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The legislature has adjourned without finalizing a massive gaming package, of which iGaming is a part. The issue could be revisited in the coming days or weeks, but it could also drag into the fall.
The Pennsylvania legislature returned to Harrisburg after the Fourth of July holiday with the intention of finalizing the state’s 2017-2018 budget. That included reaching an agreement on a comprehensive gaming bill the legislature has been working on for three years.
The legislature passed the spending portion of the budget on June 30. But how the state would pay for it was left blank. Gov. Tom Wolf didn’t veto or sign the bill within the ten-day window, which means the spending portion of the budget was approved under Pennsylvania law.
Over the past week, the leadership from the Senate and House, along with the governor, has been trying to iron out the details of the funding bill. Thus far a consensus has eluded them.
According to multiple sources, video gaming terminals, which were reportedly taken off the table last week, have reemerged and derailed talks. The House is once again insisting VGTs be included in the package, but the votes simply don’t exist in the Senate.
One source told Online Poker Report the Senate tried to force the House to stop stonewalling and accept the reality of the situation. As late as yesterday afternoon, the Senate was insisting the legislature not leave Harrisburg until they finalized a funding package.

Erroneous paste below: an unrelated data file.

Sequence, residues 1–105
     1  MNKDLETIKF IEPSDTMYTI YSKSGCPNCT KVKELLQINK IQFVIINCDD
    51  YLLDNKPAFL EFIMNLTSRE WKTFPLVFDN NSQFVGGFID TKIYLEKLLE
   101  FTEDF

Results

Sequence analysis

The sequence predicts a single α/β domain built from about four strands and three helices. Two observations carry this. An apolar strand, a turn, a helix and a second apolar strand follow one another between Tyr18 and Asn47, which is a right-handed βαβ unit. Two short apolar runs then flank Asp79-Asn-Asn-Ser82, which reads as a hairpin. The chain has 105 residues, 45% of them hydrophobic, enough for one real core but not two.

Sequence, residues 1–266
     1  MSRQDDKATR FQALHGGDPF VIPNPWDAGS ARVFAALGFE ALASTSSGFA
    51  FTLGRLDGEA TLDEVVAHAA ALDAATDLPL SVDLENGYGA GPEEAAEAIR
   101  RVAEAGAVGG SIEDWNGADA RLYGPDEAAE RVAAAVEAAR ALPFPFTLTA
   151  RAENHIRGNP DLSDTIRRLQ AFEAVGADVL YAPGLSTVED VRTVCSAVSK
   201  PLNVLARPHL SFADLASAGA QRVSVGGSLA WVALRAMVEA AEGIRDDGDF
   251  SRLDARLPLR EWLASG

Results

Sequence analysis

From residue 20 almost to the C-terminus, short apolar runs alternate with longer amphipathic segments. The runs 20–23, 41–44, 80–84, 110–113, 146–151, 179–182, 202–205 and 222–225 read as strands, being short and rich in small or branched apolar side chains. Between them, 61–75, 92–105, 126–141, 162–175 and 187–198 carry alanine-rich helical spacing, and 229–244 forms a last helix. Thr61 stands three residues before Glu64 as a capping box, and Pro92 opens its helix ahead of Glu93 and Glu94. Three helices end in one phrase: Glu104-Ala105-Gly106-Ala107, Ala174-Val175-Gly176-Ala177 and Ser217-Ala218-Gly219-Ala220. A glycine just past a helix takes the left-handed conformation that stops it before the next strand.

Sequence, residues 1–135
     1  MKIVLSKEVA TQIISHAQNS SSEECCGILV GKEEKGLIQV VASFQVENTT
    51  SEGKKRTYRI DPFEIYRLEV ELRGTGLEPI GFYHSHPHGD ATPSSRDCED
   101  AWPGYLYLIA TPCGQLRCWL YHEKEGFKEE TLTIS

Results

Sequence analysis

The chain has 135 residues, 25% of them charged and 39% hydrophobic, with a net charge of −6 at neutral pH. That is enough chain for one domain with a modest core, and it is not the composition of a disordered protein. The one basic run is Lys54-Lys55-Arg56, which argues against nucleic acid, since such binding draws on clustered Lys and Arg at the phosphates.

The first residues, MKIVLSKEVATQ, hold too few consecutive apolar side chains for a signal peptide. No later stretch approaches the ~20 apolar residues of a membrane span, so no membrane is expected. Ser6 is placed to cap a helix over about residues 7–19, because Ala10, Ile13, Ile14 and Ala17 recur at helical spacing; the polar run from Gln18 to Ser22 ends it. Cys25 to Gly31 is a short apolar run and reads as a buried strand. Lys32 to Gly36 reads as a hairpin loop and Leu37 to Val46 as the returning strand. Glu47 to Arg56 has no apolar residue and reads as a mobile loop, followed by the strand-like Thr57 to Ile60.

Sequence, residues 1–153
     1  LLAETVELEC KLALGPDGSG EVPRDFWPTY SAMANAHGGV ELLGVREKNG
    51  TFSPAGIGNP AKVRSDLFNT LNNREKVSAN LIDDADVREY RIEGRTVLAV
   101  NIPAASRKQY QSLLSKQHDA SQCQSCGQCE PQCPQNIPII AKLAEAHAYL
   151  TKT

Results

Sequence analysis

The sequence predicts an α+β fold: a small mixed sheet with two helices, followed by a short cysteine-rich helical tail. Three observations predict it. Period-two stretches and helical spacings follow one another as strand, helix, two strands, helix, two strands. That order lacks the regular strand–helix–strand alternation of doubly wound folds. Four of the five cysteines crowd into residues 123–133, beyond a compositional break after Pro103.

It appears the House won that battle of wills. The legislature is now in recess, with no official date to return. However, both chambers are “on call,” meaning leadership could call a session on six hours notice.
Another interesting aspect of the negotiations was a proposed provision that would sunset the local share tax fix in the coming years.
Sunsetting the local share tax would require the legislature to once again tackle gaming in a year or two, providing VGT supporters with another opportunity.
Despite the “on-call” status, there is a very real possibility that the VGT debate will lead to the gaming bill dragging on for several more months before the rubber meets the road in the fall.
From the sound of it, leadership wants to get the budget wrapped up sooner rather than later.
House Majority Leader Dave Reed sounded optimistic that a deal could get done in the coming weeks, telling Philly.com, “It’s got to get done — it will get done.”
“You know, sometimes a couple of hours away for everybody is a good thing. We can regroup and put it back together,” Reed went on to say. “I don’t think anybody wants to do this all year.”
Senate Republican spokesperson Jennifer Kocher told Philly.com: “As negotiations continue, we are hopeful we will return to session soon to finalize the components of the budget.”
According to Gambling Compliance (paywall), the legislature did send several draft packages to the governor over the weekend. Wolf rejected each of them.
Wolf is looking for long-term solutions for the budget. He rejected the packages because they lacked recurring revenue. That included a tax on natural gas drilling that has the support of Democrats, according to Philly.com.
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The good news is the funding packages sent to the governor included the legalization of:
They also featured the authorization of “satellite” casinos. Existing Pennsylvania casinos having first crack at the licenses.
The latter proposal emerged as an alternative to VGTs. With a hefty up-front licensing fee, satellites would bring in a good chunk of immediate revenue, much like online gambling. Among the restrictions, satellite casinos would have to be at least 25 miles from existing casinos. There would also be limits on the number of gaming machines and tables.
The delays are frustrating, but legal online gambling is still a strong favorite to become a reality in Pennsylvania this year.